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Training Climbing Roses

by dig the dirt editor

Brighten up the side of a house, or trellis by training your roses to defy gravity.

In reality, no rose actually possess tendrils that enable it to cling by itself to a vertical surface. But because certain roses grow canes that are extra-long due either to genetic mutation or hybridizing , and because such plants when tied to trellises, arbors, or other structures can be truly stunning most gardeners are happy to go along with the misnomer.

Like other roses, climbers produce their best bloom on the youngest stalks (or canes) that have appeared in the past year or so. New canes will, in fact, continue to sprout from the base of the plant at the rate of one or more a year, constantly renewing it.

                           Climbing-roses.detail

1. ENSURE GOOD AIR CIRCULATION

  • Roses need air space around them—especially in hot weather, when the heat of a wall can cook them. A freestanding trellis or fence provides such circulation, but if you want your climber to creep up a wall be sure to position its support at least three inches away from the surface.

                                 Climbing_roses-1.detail

2. TIE AS YOU GO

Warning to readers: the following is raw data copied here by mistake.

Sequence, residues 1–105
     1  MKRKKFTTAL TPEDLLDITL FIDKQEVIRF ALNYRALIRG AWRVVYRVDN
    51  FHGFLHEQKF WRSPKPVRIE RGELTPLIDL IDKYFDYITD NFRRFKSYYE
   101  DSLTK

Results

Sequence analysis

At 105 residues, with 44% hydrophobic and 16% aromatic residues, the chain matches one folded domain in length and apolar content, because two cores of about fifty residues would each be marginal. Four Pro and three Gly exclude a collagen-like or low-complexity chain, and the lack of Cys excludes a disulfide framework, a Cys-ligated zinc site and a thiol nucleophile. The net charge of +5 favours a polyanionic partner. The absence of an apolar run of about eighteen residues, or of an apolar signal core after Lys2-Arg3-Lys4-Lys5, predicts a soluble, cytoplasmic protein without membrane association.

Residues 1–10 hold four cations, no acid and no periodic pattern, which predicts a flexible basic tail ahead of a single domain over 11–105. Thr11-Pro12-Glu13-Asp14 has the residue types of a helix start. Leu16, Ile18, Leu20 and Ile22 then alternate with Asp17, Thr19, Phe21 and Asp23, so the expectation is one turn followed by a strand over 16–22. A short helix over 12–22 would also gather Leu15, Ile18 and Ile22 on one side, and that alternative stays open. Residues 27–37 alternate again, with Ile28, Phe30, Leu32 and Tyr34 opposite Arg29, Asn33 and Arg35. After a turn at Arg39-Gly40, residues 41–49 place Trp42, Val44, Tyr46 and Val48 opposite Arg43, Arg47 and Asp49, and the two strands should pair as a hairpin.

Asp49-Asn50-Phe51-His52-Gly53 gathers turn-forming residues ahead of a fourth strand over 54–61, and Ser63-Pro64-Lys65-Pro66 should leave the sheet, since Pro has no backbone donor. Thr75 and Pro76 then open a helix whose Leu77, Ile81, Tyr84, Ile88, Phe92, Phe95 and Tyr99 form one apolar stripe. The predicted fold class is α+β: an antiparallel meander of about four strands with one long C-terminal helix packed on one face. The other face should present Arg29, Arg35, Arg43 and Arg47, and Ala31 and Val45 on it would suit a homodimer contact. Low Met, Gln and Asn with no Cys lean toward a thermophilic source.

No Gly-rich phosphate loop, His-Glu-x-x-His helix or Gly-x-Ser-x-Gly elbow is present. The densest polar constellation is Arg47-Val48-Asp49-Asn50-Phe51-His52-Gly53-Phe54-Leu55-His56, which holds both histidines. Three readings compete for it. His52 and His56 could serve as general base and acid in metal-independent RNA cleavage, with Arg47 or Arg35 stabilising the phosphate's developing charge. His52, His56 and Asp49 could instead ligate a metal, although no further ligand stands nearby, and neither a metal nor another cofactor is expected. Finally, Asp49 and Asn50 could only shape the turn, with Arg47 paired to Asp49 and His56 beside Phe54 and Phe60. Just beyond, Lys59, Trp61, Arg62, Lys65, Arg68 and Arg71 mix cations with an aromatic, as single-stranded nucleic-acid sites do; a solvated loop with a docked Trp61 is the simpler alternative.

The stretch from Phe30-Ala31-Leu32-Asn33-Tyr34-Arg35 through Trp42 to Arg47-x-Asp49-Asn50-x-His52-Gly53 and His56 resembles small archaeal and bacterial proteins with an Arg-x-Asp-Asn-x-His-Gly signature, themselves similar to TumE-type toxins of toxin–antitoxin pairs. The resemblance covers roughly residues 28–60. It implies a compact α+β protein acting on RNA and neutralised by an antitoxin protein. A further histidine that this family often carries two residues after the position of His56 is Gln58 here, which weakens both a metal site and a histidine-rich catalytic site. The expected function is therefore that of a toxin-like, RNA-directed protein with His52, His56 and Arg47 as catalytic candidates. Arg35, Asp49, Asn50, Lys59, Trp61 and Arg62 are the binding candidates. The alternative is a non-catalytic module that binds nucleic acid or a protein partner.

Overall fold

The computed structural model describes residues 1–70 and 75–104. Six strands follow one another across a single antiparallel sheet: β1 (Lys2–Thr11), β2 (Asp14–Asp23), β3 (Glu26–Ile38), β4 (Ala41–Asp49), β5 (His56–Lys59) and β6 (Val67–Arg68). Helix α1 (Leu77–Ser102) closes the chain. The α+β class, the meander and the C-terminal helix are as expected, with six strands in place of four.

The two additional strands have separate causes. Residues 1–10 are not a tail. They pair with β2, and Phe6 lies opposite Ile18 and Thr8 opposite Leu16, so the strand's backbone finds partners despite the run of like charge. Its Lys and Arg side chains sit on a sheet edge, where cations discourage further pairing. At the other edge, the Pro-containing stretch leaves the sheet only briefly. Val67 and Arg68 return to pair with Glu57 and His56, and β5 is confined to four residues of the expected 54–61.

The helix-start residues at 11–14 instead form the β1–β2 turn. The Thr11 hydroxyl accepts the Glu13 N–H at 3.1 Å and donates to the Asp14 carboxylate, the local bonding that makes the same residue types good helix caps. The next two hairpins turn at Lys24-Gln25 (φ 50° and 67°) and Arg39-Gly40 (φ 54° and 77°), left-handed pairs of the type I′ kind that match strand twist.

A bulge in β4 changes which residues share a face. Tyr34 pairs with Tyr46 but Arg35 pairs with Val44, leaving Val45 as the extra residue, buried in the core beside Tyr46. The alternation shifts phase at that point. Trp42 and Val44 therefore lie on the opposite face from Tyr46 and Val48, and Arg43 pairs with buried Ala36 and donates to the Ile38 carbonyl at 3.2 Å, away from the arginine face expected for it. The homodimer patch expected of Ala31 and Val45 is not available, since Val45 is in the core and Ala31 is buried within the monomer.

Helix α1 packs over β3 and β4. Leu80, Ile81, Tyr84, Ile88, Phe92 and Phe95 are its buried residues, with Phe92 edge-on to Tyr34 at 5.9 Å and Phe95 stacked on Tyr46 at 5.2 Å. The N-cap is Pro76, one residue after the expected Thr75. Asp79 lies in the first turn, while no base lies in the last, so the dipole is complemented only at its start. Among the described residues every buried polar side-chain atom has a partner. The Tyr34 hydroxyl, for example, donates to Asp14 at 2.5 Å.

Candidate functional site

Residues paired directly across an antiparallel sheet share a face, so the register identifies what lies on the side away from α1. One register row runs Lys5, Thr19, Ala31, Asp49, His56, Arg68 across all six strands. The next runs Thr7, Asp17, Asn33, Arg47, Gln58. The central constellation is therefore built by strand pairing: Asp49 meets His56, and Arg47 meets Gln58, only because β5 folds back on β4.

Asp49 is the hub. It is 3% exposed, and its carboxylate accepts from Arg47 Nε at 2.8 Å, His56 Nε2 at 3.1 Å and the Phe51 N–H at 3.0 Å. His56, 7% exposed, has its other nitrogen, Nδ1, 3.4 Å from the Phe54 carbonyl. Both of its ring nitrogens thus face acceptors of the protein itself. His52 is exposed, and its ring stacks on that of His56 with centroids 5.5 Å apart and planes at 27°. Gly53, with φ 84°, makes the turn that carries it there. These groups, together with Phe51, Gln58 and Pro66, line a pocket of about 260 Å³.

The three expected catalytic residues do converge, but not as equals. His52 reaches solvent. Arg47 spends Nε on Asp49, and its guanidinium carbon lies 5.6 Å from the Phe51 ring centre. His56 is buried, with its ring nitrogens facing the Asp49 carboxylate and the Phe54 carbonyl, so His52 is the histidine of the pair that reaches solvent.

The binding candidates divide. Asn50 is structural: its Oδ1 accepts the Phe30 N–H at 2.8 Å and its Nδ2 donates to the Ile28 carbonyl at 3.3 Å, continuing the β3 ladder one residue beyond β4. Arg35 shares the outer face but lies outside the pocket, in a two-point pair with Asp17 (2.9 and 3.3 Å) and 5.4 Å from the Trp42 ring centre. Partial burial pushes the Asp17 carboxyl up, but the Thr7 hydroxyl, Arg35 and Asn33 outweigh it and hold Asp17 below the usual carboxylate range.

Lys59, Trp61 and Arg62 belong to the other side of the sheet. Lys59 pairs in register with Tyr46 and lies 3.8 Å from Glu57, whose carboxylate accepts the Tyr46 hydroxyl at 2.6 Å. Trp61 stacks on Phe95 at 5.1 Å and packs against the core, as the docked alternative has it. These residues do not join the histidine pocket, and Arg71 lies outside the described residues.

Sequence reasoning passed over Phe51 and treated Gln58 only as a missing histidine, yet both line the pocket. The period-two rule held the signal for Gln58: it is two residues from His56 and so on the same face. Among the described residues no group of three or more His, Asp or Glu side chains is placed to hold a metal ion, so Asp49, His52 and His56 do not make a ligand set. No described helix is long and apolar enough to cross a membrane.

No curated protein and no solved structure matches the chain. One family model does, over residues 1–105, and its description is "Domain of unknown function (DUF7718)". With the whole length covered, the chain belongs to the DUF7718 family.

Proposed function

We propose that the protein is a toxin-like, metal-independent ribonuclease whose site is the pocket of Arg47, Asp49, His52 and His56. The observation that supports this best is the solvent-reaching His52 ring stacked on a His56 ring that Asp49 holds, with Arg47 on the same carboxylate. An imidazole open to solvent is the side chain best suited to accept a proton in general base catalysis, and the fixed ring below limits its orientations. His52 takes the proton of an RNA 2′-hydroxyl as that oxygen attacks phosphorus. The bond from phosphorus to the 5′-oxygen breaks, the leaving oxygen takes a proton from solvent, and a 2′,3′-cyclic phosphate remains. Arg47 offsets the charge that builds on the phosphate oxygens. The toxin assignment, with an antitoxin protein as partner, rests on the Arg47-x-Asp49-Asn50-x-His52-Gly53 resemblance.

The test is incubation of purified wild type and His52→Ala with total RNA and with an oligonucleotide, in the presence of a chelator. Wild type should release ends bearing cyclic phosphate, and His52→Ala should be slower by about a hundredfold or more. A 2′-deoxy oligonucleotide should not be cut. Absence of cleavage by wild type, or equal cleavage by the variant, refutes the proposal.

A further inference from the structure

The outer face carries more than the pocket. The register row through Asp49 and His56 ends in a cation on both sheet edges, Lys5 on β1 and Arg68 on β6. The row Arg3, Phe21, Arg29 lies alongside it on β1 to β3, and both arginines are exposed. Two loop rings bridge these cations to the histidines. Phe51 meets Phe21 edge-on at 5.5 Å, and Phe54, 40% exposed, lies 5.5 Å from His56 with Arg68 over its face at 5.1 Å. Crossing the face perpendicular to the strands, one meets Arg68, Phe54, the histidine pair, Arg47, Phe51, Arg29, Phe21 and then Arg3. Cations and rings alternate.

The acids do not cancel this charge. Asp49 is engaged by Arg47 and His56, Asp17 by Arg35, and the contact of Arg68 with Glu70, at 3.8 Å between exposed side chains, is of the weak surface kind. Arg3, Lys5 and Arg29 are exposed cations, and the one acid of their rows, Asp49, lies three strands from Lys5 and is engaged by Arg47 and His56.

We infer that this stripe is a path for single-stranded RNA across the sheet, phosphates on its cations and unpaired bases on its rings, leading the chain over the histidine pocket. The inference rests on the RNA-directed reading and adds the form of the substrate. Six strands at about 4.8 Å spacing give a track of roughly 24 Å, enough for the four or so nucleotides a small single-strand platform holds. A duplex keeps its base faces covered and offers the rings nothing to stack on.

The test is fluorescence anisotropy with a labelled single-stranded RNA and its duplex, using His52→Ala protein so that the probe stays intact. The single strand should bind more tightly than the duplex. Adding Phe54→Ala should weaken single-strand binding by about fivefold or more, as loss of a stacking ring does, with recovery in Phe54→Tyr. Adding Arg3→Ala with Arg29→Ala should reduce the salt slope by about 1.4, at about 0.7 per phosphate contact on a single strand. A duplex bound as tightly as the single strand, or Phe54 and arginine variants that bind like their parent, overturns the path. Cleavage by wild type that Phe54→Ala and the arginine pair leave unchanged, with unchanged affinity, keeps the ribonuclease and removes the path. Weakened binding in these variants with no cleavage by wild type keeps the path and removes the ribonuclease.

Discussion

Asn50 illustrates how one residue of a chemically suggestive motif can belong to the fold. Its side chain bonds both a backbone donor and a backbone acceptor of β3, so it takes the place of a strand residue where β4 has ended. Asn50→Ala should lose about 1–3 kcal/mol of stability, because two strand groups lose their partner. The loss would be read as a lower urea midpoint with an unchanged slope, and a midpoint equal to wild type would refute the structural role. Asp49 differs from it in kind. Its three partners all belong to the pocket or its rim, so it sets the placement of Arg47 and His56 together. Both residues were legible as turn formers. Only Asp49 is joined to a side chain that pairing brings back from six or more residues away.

• As a cane needs support to keep from drooping, tie it up.

  • Use string or strips of cloth in lengths of eight to 10 inches.

  • First tie the string tightly around the support, then loop it around the cane and tie it very loosely to avoid binding or constricting the tissue.

                                 Climbing_-roses-2.detail 

3. ENABLE CANES TO GROW UPWARD, THEN OUT

  • Guide the canes to form a fan-shaped pattern. As a cane approaches a desired height, begin training it sideways so that its tip will start growing more or less horizontally.

  • Although at first this will place much of the bloom out toward the edges, you can fill in the lower and inner areas with the younger canes that will keep appearing from the base.

MORE TRICKS FOR TRAINING CLIMBING ROSES:

  • you’ll get better flowers on canes that grow horizontally rather than vertically.

  • thin out the oldest wood from time to time 

  • prune the newer canes with some restraint so as to keep young shoots appearing throughout the bush.

Tags

Traning climbing roses, climbers, Roses

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